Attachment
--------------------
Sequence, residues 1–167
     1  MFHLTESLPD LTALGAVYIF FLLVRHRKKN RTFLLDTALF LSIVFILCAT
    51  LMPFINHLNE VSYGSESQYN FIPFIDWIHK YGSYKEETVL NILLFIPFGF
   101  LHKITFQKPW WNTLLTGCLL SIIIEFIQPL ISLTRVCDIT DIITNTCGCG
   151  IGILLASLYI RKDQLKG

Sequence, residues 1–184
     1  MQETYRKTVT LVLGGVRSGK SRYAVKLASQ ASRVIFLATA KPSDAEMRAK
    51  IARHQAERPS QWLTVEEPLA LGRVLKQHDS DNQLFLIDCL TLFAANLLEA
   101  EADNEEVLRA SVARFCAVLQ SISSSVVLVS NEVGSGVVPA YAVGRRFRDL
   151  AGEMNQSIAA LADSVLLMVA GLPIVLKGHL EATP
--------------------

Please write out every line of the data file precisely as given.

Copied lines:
Sequence, residues 1–167
     1  MFHLTESLPD LTALGAVYIF FLLVRHRKKN RTFLLDTALF LSIVFILCAT
    51  LMPFINHLNE VSYGSESQYN FIPFIDWIHK YGSYKEETVL NILLFIPFGF
   101  LHKITFQKPW WNTLLTGCLL SIIIEFIQPL ISLTRVCDIT DIITNTCGCG
   151  IGILLASLYI RKDQLKG

Sequence, residues 1–184
     1  MQETYRKTVT LVLGGVRSGK SRYAVKLASQ ASRVIFLATA KPSDAEMRAK
    51  IARHQAERPS QWLTVEEPLA LGRVLKQHDS DNQLFLIDCL TLFAANLLEA
   101  EADNEEVLRA SVARFCAVLQ SISSSVVLVS NEVGSGVVPA YAVGRRFRDL
   151  AGEMNQSIAA LADSVLLMVA GLPIVLKGHL EATP